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Can Crowdfunding Give Capitalism a Good Name?

Posted to MichiganNow.org on Thursday, April 10, 2014

INTRO: Michigan is leading the nation in crowdfunding. What’s that mean? It’s when any person can invest just a few dollars or up to $10,000 in a business. You could support someone trying to start a coffee shop or a food cart nearby. They can take in $1 million without government red tape. You could earn a profit. This has not been possible since 1933. Crowdfunding has got environmental and renewable energy players excited. Michigan Now’s Chris McCarus spent an evening with them.

One can argue that Michigan shows the failure of capitalism. Crowd funding might mean capitalism that saves Michigan. It’s still based on investment. But check out these possibilities: making money with friends and neighbors, no hassle from government, and avoiding Wall Street, foreign oil and pollution.

“Michigan is literally leading the nation in crowd funding right now. We have the best bill out there.”

That’s Chris Miller, Downtown Development Authority and Economic Development Director for the City of Adrian. He led the discussion at a bar in Lansing recently.

Websites like Kickstarter and IndieGoGo sound like crowdfunding. But they help make gifts not investments. A credited investor is someone who is worth $1 million, not including their home. They make $200,000 a year if they’re single and $300,000 if they’re married.They’re the wealthiest 3% of America. No one else can invest. That was the law from1933 until December 30 of last year.

“What’s possible now is for us non-accredited investors to invest in businesses in our own community up to $10,000 per business per year.”

Governor Rick Snyder signed PA 264 December 30, 2013. There’s no limit on how many businesses you can invest in. A lot of entrepreneurs don’t bother with hiring an accountant. They don’t pay a CPA to produce documents called audited financials. So accredited investors can’t entertain the next great idea. The law requires them to see financials. Now entrepreneurs can skip the big investors, compete with big old companies and raise up to $1 million.

“There’s a big opportunity for crowdfunding renewable energy, community owned renewable energy and also things like broadband internet and these other sort of utilities that big giant almost monopolies that aren’t doing a good job of providing.”

That’s New York Times reporter and author Amy Cortese. In 2011, she published a book called Locavesting. The City of Adrian invited her to come and speak.

“What I noticed was not only were people looking for alternatives to Wall Street that would help them rebuild their communities but they were out there creating them. It was easier for most people to invest in companies halfway around the world than one in their own backyard.”

Amy Cortese was invited to the White House Rose Garden to celebrate the Jobs Act of 2012. It allowed states to change their finance laws. A republican state representative, Nancy Jenkins, from near Adrian, sponsored the bill that the governor signed into law.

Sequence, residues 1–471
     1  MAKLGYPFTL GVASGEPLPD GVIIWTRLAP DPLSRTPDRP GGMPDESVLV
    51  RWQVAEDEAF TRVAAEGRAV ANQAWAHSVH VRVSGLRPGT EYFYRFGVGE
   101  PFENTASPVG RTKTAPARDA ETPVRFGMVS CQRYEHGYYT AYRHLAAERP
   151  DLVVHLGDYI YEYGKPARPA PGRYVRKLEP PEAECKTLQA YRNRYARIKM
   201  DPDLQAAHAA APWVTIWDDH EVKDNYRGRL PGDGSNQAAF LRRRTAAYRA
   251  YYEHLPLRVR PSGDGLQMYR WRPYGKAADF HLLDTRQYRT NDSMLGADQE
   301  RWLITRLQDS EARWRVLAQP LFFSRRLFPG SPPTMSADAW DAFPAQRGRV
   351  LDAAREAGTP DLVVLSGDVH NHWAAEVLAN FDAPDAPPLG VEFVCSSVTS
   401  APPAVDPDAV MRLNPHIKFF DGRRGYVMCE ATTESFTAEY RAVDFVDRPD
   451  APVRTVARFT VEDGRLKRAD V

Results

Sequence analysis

Cortese told the pro environment and clean energy folks at the Lansing restaurant:

“As Americans we have collectively $30 trillion in long term securities, 401-k’s, pension funds, mutual funds etc. Almost all of that is invested in the stocks and bonds of very large publicly traded corporations and that’s fine but a lot of these companies are sending jobs and profits overseas.

“So if we were able to shift even a small part of that $30 trillion to locally owned companies it would have a big impact whether it’s 10%, 5% or even 1%. So 1% of 30 trillion is $300 billion. To put that in perspective that’s ten times the venture capital invested every year.”

With one of the first crowdfunding laws in America local investment advisers have sprung up here. Angela Barbash works in Ypsilanti. She is founder of Time to Reconsider and Revalue. Barbash explains why investors are paying her.

“If a client can rationalize a lower return in exchange for a high community impact like community solar projects that helps get them to that lower return.”

How much money do investors want back? Barbash says that inflation is 3% so that’s the minimum. Then 5-7% accounts for taxes. And her management fee is 1%. Her clients don’t ask for more than10% generally. Kevin Hitchen is a financial adviser in Indianapolis who’s found $6,000 for the Tecumseh, Michigan Brewery near Toledo.

See his company Localstake that shows the day by day investment in the brewery.

For years the free flow of capital devastated our industrial towns. Corporate money left the state and the country. Now, Michigan investors with just $500 in their hands can start to grow business here again.

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Amy Cortese has dug into a subject that touches Michigan perhaps more than any other state. The home of homegrown jobs lost 1 million of them from 2000-2010. Cortese has a formula for growing new ones. The Edward Lowe Foundation in Cassopolis has long talked about 'economic gardening.' But even that is top down compared to what Cortese writes about. This week she's speaking in Seattle.

Amy Cortese has dug into a subject that touches Michigan perhaps more than any other state. The home of homegrown jobs lost 1 million of them from 2000-2010. Cortese has a formula for growing new ones. The Edward Lowe Foundation in Cassopolis has long talked about 'economic gardening.' But even that is top down compared to what Cortese writes about. This week she's speaking in Seattle.

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